Check your math.h file. If you're lucky you have the nextafter and nextafterf functions defined. They do exactly what you want in a portable and platform independent way and are part of the C99 standard.
Another way to do it (could be a fallback solution) is to decompose your float into the mantissa and exponent part. Incrementing is easy: Just add one to the mantissa. If you get an overflow you have to handle this by incrementing your exponent. Decrementing works the same way.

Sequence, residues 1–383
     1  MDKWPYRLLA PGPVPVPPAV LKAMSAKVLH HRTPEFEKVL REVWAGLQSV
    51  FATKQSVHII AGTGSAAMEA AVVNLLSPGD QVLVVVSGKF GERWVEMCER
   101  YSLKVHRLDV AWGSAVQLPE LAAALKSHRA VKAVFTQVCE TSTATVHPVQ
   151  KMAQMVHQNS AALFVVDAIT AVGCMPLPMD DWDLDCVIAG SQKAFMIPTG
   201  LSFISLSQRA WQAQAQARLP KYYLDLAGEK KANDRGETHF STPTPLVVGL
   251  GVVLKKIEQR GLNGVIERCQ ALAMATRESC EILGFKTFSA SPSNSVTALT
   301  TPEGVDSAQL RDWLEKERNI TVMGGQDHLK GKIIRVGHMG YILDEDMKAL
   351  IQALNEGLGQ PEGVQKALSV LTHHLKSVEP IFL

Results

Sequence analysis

EDIT: As pointed out in the comments it is sufficient to just increment the float in it's binary representation. The mantissa-overflow will increment the exponent, and that's exactly what we want.
That's in a nutshell the same thing that nextafter does.
This won't be completely portable though. You would have to deal with endianess and the fact that not all machines do have IEEE floats (ok - the last reason is more academic).
Also handling NAN's and infinites can be a bit tricky. You cannot simply increment them as they are by definition not numbers.